World forests are home to a large number of the world's plant and animal species, including many endangered species. They are the habitat for about two-thirds of terrestrial species. As forests are cut down, many species are doomed to extinction. Some rainforest species can only survive in their natural habitat.

Tropical rainforests support the greatest diversity of living organisms on Earth. Although they cover less than 2% of Earth's surface, rainforests house more than 50% of plants and animals on Earth. Here are some examples of the richness of rainforests:
- rainforests have 170,000 of the world's 250,000 known plant species
- the United States has 81 species of frogs, while Madagascar which is smaller than Texas, may have 300 species.
- Europe has 321 butterfly species, while a park in the rainforest of Peru, Manu National Park, has 1300 species.

According to the IUCN there are now almost 45,000 species considered at risk of extinction. Our closest relatives in the animal world: chimpanzees, gorillas and orangutans, are destined to become extinct within the next few decades if we continue to destroy the forests that host them. Every day, 50 to 130 species become extinct. We are facing the most dramatic wave of extinctions since the disappearance of the dinosaurs 65 million years ago.  An ecological disaster is happening at an unprecendented rate; previous crisis played out over millions of years, and in the presence of natural disasters.

 

La Andersen said humanity was placing too many pressures on the natural world with damaging consequences, and warned that failing to take care of the planet meant not taking care of ourselves. Leading scientists also said the Covid-19 outbreak was a “clear warning shot”, given that far more deadly diseases existed in wildlife, and that today’s civilisation was “playing with fire”. They said it was almost always human behaviour that caused diseases to spill over into humans.

Biodiversity loss is the biggest environmental problem we face today, according to a UN report that came out last year. One of the main reasons is that large forest areas are disappearing due to human impact. A lack of connected forests can prevent trees from multiplying efficiently. The more fragmented the forest becomes, the greater the problem for the trees. “Forest fragmentation has a negative effect on seed dispersal by means of animals,” says Emma-Liina Marjakangas at the Centre for Biodiversity Dynamics (CBD) at the Norwegian University of Science and Technology (NTNU).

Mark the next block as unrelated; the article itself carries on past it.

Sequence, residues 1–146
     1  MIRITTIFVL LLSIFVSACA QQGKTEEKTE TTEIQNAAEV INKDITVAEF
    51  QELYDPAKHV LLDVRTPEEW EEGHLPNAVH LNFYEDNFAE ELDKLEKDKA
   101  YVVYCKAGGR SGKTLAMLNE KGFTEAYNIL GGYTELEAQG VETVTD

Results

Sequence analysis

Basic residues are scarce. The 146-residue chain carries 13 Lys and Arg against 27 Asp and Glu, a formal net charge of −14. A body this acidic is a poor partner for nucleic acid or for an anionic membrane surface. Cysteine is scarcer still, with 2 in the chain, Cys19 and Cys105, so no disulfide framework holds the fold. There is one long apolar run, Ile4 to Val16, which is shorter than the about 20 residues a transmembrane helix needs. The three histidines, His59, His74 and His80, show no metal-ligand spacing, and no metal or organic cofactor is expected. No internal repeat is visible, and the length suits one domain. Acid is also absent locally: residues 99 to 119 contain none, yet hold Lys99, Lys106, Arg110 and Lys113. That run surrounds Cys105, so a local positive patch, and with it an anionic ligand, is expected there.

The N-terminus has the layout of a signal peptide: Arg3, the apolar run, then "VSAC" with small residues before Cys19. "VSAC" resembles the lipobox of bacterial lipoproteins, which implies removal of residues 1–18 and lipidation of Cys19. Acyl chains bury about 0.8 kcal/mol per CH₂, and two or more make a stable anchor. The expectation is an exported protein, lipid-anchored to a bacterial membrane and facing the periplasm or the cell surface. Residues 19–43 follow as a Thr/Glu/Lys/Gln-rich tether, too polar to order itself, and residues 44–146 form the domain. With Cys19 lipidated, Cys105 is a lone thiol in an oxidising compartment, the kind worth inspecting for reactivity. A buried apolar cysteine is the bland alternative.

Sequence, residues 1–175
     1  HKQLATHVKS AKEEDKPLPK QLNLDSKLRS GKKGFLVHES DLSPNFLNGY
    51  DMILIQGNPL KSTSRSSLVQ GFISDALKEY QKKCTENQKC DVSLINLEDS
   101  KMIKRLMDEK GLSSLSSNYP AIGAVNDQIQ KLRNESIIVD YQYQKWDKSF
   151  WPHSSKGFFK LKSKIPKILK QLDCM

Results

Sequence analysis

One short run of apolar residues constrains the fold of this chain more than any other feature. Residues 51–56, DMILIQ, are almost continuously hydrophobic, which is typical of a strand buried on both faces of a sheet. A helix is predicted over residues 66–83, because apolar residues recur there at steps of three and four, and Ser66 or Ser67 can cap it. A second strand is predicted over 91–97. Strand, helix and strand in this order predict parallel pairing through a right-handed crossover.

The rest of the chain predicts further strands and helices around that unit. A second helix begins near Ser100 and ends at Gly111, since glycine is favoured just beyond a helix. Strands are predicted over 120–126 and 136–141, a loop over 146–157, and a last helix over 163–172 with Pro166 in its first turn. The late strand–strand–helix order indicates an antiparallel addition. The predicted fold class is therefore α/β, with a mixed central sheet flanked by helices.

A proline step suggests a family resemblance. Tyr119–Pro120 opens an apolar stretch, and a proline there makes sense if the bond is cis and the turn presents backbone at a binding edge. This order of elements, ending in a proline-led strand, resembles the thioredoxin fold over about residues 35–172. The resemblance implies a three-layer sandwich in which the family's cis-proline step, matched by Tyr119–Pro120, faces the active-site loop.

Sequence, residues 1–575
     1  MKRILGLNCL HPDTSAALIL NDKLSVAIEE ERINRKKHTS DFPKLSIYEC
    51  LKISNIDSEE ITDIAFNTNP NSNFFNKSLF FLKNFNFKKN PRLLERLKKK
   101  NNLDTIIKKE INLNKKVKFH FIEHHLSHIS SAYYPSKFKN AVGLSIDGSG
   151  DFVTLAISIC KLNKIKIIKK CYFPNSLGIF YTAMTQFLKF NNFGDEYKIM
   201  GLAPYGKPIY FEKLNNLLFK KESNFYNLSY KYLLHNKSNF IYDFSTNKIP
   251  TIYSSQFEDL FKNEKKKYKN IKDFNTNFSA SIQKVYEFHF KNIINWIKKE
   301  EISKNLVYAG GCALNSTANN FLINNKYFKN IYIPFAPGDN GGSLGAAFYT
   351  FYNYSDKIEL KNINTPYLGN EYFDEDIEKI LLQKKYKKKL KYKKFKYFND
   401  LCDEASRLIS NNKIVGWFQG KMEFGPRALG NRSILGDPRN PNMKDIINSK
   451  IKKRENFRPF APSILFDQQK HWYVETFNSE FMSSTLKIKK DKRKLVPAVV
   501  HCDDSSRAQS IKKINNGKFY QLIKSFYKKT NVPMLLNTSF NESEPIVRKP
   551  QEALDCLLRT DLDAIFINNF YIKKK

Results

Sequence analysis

Researchers have discovered a gigantic complex of 200 million termite mounds in northeastern Brazil, which may be up to 4,000 years old and covers an area about the size of Great Britain. Although visible on Google Earth, the conical mounds, some of which rise up to 10 feet high, are largely hidden from view at ground level in semiarid, thorny-scrub forests, according to research published this month in Current Biology.

Human society is in jeopardy from the accelerating decline of the Earth’s natural life-support systems, the world’s leading scientists have warned, as they announced the results of the most thorough planetary health check ever undertaken. From coral reefs flickering out beneath the oceans to rainforests desiccating into savannahs, nature is being destroyed at a rate tens to hundreds of times higher than the average over the past 10m years, according to the UN global assessment report.

As world leaders and conservationists descended on London last week for the Illegal Wildlife Trafficking Conference, the burning question in their minds was: How can trade in ivory, especially in Asian countries be contained? The fear is that Africa’s elephants could go the way of dinosaurs. Some 20,000 jumbos are killed each year — 55 every single day — mostly for the illegal ivory trade.

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